Brazilian disturbance
An area of disturbed weather off the coast of Brazil, near 24S 36W, has changed little over the past two days. This disturbance still has a slight potential to develop into subtropical or tropical depression by Wednesday, according to the latest runs of the ECMWF, GFS, and NOGAPS models. Satellite imagery shows little organization to the cloud pattern, and only limited heavy thunderstorm activity. Wind shear over the region is about 20 knots, which is rather high, and should keep any development slow. Sea surface temperatures are about 27°C, about 1°C above average, which is warm enough to support a tropical storm. The system is small, limiting its potential to become a tropical cyclone. I don't think it will become a subtropical depression.

I'll have a new post on Wednesday.
Jeff Masters

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401. Levi32
6:15 PM GMT on March 09, 2010
BBL
Member Since: November 24, 2005 Posts: 635 Comments: 26547
400. Levi32
6:14 PM GMT on March 09, 2010
Quoting RTLSNK:
1. Big storm over Alaska.
2. Four earthquakes in Alaska.
3. Coincidence or corollary?

Update time = Tue Mar 9 18:03:29 UTC 2010


MAG UTC DATE-TIME
y/m/d h:m:s LAT
deg LON
deg DEPTH
km Region
MAP 2.7 2010/03/09 15:55:16 59.715 -151.443 75.9 KENAI PENINSULA, ALASKA
MAP 4.6 2010/03/09 14:52:29 51.306 -173.562 35.0 ANDREANOF ISLANDS, ALEUTIAN IS., ALASKA
MAP 5.7 2010/03/09 14:06:52 51.579 -173.520 35.0 ANDREANOF ISLANDS, ALEUTIAN IS., ALASKA
MAP 2.7 2010/03/09 13:18:46 60.370 -150.940 33.3 KENAI PENINSULA, ALASKA



I get 3 or more quakes of magnitude 3.0 or higher within 50 miles of my house every day. I'm skeptical of any supposed correlation between weather and earthquakes. It makes no sense to me.
Member Since: November 24, 2005 Posts: 635 Comments: 26547
399. Levi32
6:12 PM GMT on March 09, 2010
Invest 90Q is forecast to move south or southwestward over the next couple days as the cut-off upper low under which it resides phases with the westerlies to the south. Today is the best day for the system to try to earn a name, because as the system moves south SSTs will get progressively cooler and conditions aloft will deteriorate as the upper low becomes an open shortwave trough.



Member Since: November 24, 2005 Posts: 635 Comments: 26547
398. RTLSNK
6:11 PM GMT on March 09, 2010
1. Big storm over Alaska.
2. Four earthquakes in Alaska.
3. Coincidence or corollary?

Update time = Tue Mar 9 18:03:29 UTC 2010


MAG UTC DATE-TIME
y/m/d h:m:s LAT
deg LON
deg DEPTH
km Region
MAP 2.7 2010/03/09 15:55:16 59.715 -151.443 75.9 KENAI PENINSULA, ALASKA
MAP 4.6 2010/03/09 14:52:29 51.306 -173.562 35.0 ANDREANOF ISLANDS, ALEUTIAN IS., ALASKA
MAP 5.7 2010/03/09 14:06:52 51.579 -173.520 35.0 ANDREANOF ISLANDS, ALEUTIAN IS., ALASKA
MAP 2.7 2010/03/09 13:18:46 60.370 -150.940 33.3 KENAI PENINSULA, ALASKA

Member Since: September 3, 2008 Posts: 0 Comments: 20599
397. StormChaser81
6:09 PM GMT on March 09, 2010
Here you go Nice close up View.

Member Since: August 11, 2008 Posts: 0 Comments: 2315
396. HurricaneHunterGal
6:07 PM GMT on March 09, 2010
Member Since: August 17, 2009 Posts: 0 Comments: 249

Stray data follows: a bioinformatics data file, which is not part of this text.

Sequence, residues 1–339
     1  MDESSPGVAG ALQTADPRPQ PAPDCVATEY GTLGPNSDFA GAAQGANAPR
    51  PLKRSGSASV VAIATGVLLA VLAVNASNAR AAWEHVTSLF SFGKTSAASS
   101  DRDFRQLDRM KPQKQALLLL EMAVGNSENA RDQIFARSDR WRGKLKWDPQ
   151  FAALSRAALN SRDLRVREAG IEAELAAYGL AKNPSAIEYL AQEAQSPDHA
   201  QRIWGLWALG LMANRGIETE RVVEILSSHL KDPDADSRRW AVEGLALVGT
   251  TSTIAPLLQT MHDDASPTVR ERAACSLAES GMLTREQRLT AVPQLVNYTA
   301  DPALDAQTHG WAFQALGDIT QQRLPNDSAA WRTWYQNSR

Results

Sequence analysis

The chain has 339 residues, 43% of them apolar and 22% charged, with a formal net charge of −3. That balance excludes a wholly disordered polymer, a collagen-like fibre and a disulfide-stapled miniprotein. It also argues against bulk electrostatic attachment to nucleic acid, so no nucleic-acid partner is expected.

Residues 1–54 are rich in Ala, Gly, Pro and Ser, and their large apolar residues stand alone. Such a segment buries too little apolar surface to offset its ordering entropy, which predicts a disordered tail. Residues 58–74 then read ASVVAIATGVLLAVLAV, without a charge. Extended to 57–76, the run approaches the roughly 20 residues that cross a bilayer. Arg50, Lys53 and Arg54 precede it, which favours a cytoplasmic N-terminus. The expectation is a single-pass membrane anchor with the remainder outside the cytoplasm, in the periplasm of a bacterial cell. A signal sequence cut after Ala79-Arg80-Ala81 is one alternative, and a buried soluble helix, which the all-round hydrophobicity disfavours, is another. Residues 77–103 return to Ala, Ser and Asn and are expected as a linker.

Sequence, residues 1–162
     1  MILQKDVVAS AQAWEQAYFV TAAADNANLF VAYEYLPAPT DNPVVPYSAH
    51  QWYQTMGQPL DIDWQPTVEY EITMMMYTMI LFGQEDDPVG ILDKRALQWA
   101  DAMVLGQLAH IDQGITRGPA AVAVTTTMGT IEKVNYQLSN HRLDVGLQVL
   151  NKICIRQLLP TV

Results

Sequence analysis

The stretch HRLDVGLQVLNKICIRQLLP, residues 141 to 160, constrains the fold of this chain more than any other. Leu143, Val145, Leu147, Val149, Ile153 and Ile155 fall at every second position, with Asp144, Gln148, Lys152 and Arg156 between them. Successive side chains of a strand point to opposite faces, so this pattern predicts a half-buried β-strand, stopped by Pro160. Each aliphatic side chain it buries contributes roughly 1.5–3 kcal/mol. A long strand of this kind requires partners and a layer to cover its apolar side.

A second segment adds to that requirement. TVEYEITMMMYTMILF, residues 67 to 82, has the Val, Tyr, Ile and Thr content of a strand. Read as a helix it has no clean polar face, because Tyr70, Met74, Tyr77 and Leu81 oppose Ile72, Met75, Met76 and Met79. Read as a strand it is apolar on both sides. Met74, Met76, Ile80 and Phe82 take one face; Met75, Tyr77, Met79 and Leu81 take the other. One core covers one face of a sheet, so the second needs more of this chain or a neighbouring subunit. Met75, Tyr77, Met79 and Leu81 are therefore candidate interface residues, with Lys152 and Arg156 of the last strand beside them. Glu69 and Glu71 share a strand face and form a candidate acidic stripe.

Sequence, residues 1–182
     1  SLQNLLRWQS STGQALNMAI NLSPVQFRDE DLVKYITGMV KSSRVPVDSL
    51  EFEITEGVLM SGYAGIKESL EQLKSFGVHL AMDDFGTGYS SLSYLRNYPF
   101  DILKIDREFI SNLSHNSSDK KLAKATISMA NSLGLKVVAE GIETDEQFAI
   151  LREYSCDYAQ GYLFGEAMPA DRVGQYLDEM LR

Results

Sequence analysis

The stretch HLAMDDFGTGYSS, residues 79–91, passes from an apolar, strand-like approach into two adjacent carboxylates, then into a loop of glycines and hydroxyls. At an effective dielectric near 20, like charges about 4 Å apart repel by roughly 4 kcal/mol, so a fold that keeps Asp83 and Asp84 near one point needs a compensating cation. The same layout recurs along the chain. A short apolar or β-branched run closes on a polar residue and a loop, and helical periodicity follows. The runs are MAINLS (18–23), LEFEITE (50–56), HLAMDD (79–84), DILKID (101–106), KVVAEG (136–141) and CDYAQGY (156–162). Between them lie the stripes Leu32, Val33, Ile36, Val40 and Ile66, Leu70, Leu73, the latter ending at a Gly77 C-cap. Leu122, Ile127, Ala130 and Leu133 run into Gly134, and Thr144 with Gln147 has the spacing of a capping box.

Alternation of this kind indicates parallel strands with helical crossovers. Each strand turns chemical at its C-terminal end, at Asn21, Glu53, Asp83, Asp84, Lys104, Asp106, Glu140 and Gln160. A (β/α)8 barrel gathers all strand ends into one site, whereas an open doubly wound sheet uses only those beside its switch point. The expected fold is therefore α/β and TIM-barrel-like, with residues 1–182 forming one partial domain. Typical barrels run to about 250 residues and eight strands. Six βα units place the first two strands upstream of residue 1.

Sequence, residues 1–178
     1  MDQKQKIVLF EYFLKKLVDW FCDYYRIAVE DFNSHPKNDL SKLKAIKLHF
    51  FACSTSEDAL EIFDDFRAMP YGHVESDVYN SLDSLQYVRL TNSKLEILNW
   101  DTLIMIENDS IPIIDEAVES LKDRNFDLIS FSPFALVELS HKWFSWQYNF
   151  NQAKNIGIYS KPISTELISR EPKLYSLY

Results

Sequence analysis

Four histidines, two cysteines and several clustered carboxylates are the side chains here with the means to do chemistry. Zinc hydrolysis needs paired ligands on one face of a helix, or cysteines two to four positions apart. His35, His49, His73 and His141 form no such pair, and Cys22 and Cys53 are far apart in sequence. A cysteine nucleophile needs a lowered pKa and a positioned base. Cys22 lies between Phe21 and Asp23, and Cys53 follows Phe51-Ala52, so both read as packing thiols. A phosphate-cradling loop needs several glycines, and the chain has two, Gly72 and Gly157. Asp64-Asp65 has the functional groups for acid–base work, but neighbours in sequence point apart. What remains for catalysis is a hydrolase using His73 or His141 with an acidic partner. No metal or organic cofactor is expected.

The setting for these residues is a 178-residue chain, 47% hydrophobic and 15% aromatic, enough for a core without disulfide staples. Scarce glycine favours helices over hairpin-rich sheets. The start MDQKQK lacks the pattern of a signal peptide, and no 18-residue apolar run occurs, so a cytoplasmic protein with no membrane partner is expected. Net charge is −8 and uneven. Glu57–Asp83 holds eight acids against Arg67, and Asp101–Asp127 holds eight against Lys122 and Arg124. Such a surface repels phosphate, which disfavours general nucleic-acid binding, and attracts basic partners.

395. Levi32
6:06 PM GMT on March 09, 2010


Floater Visible Image ^(Click image for loop)^
Member Since: November 24, 2005 Posts: 635 Comments: 26547
394. Levi32
6:05 PM GMT on March 09, 2010
From GOES-12, 15:00 UTC:

Member Since: November 24, 2005 Posts: 635 Comments: 26547
393. nrtiwlnvragn
6:04 PM GMT on March 09, 2010
Floater page for 90Q (90SL)
Member Since: September 23, 2005 Posts: 14 Comments: 10873
392. Levi32
6:03 PM GMT on March 09, 2010
From METEOSAT 12:00 UTC:

Member Since: November 24, 2005 Posts: 635 Comments: 26547
391. Levi32
6:00 PM GMT on March 09, 2010
Quoting StormChaser81:


Again wrong invest that's Madagascar lol. They have that map mixed up since it just got put on the site.
Member Since: November 24, 2005 Posts: 635 Comments: 26547
390. StormChaser81
5:59 PM GMT on March 09, 2010
e
Member Since: August 11, 2008 Posts: 0 Comments: 2315
389. Levi32
5:58 PM GMT on March 09, 2010
Terra MODIS visible image from 6 hours ago:



Notice the small area of convection developing over the center. This convection is shallow due to the cold water but is a sign that the system is truly subtropical with a low-level warm core structure.
Member Since: November 24, 2005 Posts: 635 Comments: 26547
388. Levi32
5:57 PM GMT on March 09, 2010
Quoting StormChaser81:






Wrong Invest, that's 90S not 90Q (It is officially Invest 90Q now, not 90L):



Member Since: November 24, 2005 Posts: 635 Comments: 26547
387. StormChaser81
5:55 PM GMT on March 09, 2010
Quoting JeffMasters:

Jeff Masters



Member Since: August 11, 2008 Posts: 0 Comments: 2315
386. Levi32
5:55 PM GMT on March 09, 2010
GFS Cyclone-Phase Diagram confirms shallow warm-core system, but cold-core aloft. This means the system is subtropical.

Member Since: November 24, 2005 Posts: 635 Comments: 26547
385. Levi32
5:53 PM GMT on March 09, 2010
90L is located beneath an upper-level low NE of Uruguay, which combined with the SSTs means this system is likely subtropical in nature.

GFS initial 500mb



GFS Initial 200mb

Member Since: November 24, 2005 Posts: 635 Comments: 26547
384. tornadodude
5:52 PM GMT on March 09, 2010
thanks for the maps guys
Member Since: June 28, 2006 Posts: 24 Comments: 8201
383. atmoaggie
5:52 PM GMT on March 09, 2010
Quoting tornadodude:


oh wow, this is definitely interesting, what are the sst's like in that area?

thanks

Monday 8th March 2010 12 Z

Member Since: August 16, 2007 Posts: 6 Comments: 12461
382. Levi32
5:51 PM GMT on March 09, 2010
Invest 90L is over SSTs of 24-25C:

Member Since: November 24, 2005 Posts: 635 Comments: 26547
381. Grothar
5:50 PM GMT on March 09, 2010
Quoting atmoaggie:

I dunno. It doesn't make much sense to me.

Meteo France buoy data available at NDBC real time with history and plots, yet our own AOML drifter data is hard to come by easily. Go figure. Heck, NDBC even has wave buoy data in the Red Sea from a platform owned by King Abdullah University of Science and Technology!

In 24 hours of monitoring, I ended up with 18,000 obs from 4000 platforms (only those not available at NDBC). NDBC has closer to 700 platforms...including the DARTs (water level only). It is all in the NOAA gateway, just waiting to be used.